And it is simply your assertion that no gun laws would address the problem. However, since the expiry of the Clinton ban on certain types of weapon, rates of mass killing have increased greatly. Other countries that had gun massacres did soon after change the laws, and restrict (not "ban all guns") firearms, and have seen an effect in fewer mass killings.


There is no demonstrable link. And, did the Clinton law actually lower violence? No.

So there can't be an issue with both? Clearly in hindsight, Cruz could have been intercepted more effectively by law enforcement. And one power that I would hope we could agree that would be worth something would be to revoke the rights of someone who has been as problematic as he was to own a semiautomatic weapon such as he was legally able to.


Cruz should have been stopped before the shooting. He wasn't tossing red flags, he was using a rapid-fire red flag launcher.

Yes, one of the things being promoted is the taking of weapons from those who are a threat to themselves or others. Great.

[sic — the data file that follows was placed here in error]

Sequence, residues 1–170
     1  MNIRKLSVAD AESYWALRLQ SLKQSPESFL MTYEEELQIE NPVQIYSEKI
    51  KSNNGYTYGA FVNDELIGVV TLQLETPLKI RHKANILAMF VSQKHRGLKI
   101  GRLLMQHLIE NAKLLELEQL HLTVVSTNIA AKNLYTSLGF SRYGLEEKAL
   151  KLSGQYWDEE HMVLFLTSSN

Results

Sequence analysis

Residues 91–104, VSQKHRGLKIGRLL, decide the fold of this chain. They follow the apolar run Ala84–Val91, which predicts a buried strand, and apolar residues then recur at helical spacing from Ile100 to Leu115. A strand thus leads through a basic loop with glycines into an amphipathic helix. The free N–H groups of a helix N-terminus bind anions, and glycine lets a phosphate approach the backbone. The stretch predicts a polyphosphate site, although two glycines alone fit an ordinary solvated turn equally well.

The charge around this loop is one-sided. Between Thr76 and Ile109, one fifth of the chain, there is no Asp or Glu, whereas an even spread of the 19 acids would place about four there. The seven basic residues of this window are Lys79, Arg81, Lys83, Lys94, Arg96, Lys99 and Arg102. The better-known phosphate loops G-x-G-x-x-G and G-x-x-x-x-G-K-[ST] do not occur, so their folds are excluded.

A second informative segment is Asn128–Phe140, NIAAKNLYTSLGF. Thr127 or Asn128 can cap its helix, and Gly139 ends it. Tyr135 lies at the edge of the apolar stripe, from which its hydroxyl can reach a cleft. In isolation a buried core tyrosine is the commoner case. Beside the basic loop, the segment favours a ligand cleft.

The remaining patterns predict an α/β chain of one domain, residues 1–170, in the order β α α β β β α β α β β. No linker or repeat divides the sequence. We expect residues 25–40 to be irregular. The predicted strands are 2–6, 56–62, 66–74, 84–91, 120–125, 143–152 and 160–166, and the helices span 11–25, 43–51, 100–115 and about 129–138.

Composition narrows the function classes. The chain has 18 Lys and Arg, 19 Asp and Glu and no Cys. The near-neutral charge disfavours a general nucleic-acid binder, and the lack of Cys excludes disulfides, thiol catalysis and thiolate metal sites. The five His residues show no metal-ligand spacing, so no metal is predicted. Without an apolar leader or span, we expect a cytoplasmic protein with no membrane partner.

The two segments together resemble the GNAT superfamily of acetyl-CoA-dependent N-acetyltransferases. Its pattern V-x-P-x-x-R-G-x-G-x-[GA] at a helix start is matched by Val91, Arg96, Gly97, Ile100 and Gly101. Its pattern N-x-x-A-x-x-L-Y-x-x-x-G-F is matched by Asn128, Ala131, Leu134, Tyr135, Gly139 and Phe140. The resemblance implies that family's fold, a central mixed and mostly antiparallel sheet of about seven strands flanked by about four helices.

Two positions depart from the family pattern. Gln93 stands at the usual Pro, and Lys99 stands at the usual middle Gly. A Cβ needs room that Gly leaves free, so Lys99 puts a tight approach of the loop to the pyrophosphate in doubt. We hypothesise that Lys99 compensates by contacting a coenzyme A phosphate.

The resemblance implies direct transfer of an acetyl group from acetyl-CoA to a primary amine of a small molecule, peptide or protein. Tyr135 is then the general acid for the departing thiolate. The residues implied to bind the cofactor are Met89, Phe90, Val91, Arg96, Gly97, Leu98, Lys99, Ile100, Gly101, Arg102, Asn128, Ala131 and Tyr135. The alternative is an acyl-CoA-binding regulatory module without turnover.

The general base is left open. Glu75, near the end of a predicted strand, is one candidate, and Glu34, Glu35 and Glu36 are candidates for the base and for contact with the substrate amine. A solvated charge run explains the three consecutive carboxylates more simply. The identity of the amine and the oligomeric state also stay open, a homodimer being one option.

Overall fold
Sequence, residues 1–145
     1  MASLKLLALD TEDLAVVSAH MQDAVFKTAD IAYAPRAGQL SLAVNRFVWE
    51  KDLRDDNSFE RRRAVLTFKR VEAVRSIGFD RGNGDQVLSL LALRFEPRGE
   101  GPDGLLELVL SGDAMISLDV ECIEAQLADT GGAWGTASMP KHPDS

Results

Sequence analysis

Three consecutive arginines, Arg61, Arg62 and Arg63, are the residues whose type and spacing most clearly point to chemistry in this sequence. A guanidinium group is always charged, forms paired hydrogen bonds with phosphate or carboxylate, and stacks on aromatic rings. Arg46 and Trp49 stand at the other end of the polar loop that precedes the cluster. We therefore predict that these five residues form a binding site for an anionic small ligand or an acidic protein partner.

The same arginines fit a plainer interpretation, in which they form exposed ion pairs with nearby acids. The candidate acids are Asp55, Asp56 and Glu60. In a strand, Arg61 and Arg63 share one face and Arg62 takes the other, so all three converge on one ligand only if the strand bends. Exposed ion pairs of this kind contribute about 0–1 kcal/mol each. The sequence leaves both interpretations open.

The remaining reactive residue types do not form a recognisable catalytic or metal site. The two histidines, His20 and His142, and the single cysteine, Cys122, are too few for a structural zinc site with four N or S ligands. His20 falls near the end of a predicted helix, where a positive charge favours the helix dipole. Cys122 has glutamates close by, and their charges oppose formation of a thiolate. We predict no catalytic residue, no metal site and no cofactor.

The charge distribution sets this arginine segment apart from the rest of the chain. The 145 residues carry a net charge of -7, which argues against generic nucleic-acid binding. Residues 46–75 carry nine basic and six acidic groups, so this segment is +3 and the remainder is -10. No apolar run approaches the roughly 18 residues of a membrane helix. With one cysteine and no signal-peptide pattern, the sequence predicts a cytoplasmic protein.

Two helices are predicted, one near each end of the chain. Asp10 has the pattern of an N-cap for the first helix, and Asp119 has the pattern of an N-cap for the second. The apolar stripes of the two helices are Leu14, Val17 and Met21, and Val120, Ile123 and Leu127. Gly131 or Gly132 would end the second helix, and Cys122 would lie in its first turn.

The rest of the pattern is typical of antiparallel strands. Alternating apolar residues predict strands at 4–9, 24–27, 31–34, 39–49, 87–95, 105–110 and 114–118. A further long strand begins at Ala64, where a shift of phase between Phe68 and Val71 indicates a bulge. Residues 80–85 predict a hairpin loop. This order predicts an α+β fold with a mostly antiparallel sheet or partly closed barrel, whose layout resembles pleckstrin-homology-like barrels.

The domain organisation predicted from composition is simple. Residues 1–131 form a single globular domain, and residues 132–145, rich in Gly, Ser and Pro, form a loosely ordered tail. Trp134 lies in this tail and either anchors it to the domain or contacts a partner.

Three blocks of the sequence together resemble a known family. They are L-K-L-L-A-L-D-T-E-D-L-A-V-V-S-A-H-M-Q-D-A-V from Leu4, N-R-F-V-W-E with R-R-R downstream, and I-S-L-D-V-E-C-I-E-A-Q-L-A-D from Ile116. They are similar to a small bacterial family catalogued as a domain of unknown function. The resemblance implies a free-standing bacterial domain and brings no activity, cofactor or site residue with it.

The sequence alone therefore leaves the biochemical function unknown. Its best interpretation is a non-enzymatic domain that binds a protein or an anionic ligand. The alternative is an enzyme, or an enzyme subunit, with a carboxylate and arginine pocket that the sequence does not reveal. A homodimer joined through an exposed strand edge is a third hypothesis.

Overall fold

Yes, it would be great if the police and FBI always upheld the laws using the powers they do have. I don't know if they are fully resourced to do so, what actual evidence they had to go on, etc etc. But Cruz is not typical. Paddock in Vegas gave no real reason for law enforcement to be concerned. Several other mass shooters have not really displayed much of a pattern - although domestic violence, particularly against women, is often a factor.


Paddock is still a mystery.

And, I still favor banning bumpstocks.

Marginally. It will surprise you to know that we have the right to free speech enshrined in law too: https://en.wikipedia.org/wiki/Human_rig ... expression

The main exceptions to free speech in the UK are not that different to yours. Our libel laws are stronger, but I would argue that does not infringe free speech, so much as provide redress when that right is abused to tell defamatory lies about someone.

I should point out, you have a habit of censoring facebook comments you don't like. I have not done that ever as far as I recall.


I know people who have been arrested for saying things in the UK that would not be illegal in the US.

I "censor" arguments I've specifically not wanted to have. It's Facebook. It's my wall. I'm free to do as I please, and free to remove things I find offensive, like the idiot Dip player who posted obscene pictures on my wall. I sent him a PM asking him not to do that. Minutes later, he did so again. Delete. Block.

Easy.
User avatar
Ambassador
 
Posts: 15952
Joined: 15 Apr 2004, 6:29 am